information about the patient, but then to take action then can toggle into the underlying systems -- for example, by accessing the ePrescribing module of Cerner's EMR without the need to enter another password. One important aspect of this integration is that it preserves context, pulling up the record for the appropriate patient as the user toggles from one application to another, bypassing login screens and layers of menus.
At least that's how it works in the demos. UPMC currently has 75 or so active users of the system, which it initially piloted in its cardiology department and is expanding for use by hospitalists.
"Our clinicians are asking us for stuff all the time," says Vivek Reddy, chief medical information officer of UPMC's Health Services Division. Doctors' frustration with EMRs has given them an unfair reputation as Luddites, Reddy says, when really their frustration is that EMRs replicate paper processes that were broken to begin with. Instead of merely hustling to keep up with government regulation, the thrust should be "let's actually do something interesting," he says.
Apps such as Fluence are at least beginning to get at "what we always wanted and what we always thought the EMR would eventually do," Reddy says. Left to their own devices, EMR vendors treat innovation as a matter of adding a button here or a button there, he says. Rather than having to dig through screens and tabs of information, clinicians want software to "highlight things that need attention and bring them to the forefront."
Mining ailment combinations
Elsewhere, UPMC has started a venture called Evolvent, which it cofounded with the Advisory Board Company, aimed at perfecting the business model of an integrated health system and the preventative care discipline for controlling costs known as population health management.
Another new venture UPMC is involved in, Health Fidelity, emphasizes the use of natural language processing software to sift important details out of unstructured medical records such as physician notes. Health Fidelity was an independently formed Silicon Valley startup, but UPMC came in as its biggest investor and helped recruit its CEO. Health Fidelity already had an initial product under development, but with UPMC's help is preparing for a bigger push to commercialize it.
The goal of Health Fidelity's data mining is to identify what in Medicare lingo is known as Hierarchical Condition Categories, or combinations of ailments that can be used to identify high-risk patients. By identifying them, "we can focus on that person" and prevent their conditions from getting worse, Shrestha says. Health Fidelity is an example of automation simplifying what had been a labor-intensive process; UPMC was already sending people to doctors' offices to try to identify those high-risk patients, he says. "We thought we were doing a great job until we saw what was possible," Shrestha says.
A parallel effort for inpatient care is UPMC's clinical document improvement initiative, aimed at improving the structured data available for analysis and quality reporting, as well as accurate insurance coding so UPMC can get reimbursed properly for all the care it delivers. Here, the emphasis is on combing through EMR data to find records that are incomplete.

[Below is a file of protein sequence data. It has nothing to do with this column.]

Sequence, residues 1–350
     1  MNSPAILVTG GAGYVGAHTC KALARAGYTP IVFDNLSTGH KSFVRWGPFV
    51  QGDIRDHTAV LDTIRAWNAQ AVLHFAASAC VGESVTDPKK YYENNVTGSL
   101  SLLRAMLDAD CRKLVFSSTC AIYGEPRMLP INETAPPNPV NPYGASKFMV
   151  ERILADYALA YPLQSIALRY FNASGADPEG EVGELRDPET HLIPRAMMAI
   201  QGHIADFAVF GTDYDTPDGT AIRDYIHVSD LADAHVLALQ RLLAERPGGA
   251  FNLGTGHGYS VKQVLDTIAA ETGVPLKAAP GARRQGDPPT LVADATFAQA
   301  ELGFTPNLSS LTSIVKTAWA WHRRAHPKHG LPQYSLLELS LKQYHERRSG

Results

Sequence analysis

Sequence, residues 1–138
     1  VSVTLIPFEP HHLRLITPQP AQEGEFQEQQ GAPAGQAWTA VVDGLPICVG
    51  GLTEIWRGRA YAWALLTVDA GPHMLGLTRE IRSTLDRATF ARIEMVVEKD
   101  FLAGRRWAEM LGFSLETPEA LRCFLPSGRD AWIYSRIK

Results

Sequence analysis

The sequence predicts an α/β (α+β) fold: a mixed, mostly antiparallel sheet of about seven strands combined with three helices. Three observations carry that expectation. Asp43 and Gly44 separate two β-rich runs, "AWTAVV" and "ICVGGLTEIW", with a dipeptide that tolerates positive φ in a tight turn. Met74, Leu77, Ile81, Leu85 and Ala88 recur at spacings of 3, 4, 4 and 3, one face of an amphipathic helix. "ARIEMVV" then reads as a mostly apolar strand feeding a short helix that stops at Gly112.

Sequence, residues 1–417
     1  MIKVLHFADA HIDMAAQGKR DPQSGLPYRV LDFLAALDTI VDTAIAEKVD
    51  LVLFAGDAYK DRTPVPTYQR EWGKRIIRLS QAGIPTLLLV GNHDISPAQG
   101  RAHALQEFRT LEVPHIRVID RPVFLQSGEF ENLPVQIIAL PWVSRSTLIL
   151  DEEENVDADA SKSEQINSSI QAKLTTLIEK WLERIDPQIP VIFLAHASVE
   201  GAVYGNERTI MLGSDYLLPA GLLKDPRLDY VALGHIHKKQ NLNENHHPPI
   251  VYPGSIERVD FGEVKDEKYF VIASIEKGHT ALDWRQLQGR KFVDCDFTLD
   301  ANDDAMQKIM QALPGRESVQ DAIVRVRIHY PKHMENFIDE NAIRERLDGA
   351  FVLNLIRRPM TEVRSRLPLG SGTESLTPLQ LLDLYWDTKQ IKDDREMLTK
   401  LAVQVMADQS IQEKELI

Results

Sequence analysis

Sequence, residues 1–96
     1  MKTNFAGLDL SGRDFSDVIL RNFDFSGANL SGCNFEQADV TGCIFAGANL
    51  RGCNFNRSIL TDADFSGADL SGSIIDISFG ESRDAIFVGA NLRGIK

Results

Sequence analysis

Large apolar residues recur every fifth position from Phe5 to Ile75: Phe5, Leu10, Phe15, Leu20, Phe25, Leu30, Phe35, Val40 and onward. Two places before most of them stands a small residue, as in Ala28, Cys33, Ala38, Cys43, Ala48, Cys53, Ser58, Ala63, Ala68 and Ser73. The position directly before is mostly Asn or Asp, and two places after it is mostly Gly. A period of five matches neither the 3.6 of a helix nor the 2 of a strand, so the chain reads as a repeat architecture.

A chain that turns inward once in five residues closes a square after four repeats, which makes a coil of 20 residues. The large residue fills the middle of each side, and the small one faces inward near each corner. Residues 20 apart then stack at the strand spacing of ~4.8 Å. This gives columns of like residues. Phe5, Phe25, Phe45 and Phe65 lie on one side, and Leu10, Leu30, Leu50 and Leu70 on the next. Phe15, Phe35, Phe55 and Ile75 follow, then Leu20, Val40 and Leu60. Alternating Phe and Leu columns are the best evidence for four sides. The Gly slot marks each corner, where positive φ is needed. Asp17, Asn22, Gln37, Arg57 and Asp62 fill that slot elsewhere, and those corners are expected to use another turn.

For example, a patient record might show a high body mass index without that patient having been specifically coded as being obese. A nurse reviewing the record can query the doctor electronically and get him to confirm -- with a click of a button or two -- that the record should indeed be coded as suggested. UPMC said the result has been at least a $32 million boost in money collected for its services.
Through a joint venture with GE Healthcare, UPMC is working on a next-generation digital medical imaging system that also integrates the process of ordering radiology studies and documenting the reason for them. The imaging desktop software addresses a range of specialties, including radiology, cardiology, and pathology, as well as support functions such as IT and scheduling.
One goal is to reduce the number of unnecessary images produced -- and doses of radiation delivered to patients in the process -- by eliminating duplication and making sure everyone has an incentive to improve health outcomes rather than just accumulate more images. On a technical level, GE and UPMC are trying to simplify the storage and organization of those images with a vendor-neutral architecture. The development team consists of 40 people in Pittsburgh, half from UPMC and half from GE, backed up by another 300 GE Healthcare employees.
Yet another branch of UPMC technology investment is focused not on the hospital or the doctor's office but on remote care. Although telemedicine experiments have been going on for a long time now, UPMC sees the potential for broader consumer adoption as mobile technology allows video consultations and secure messaging from a smartphone or tablet. It could help get people with non-emergency conditions out of the emergency room. As chief medical officer Reddy puts it, the vast majority of patient ER visits boil down to a simple question: Is this serious or not? Often, answering that question doesn't require an in-person visit.
"I dream of a day when 85% to 90% of healthcare isn't done inside of a healthcare place," Reddy says. "That's scary to some people, but I don't understand why it's not already like that." In no other part of our lives but healthcare, he says, does technology move so slowly.
UPMC says it's dedicated to making it move faster.
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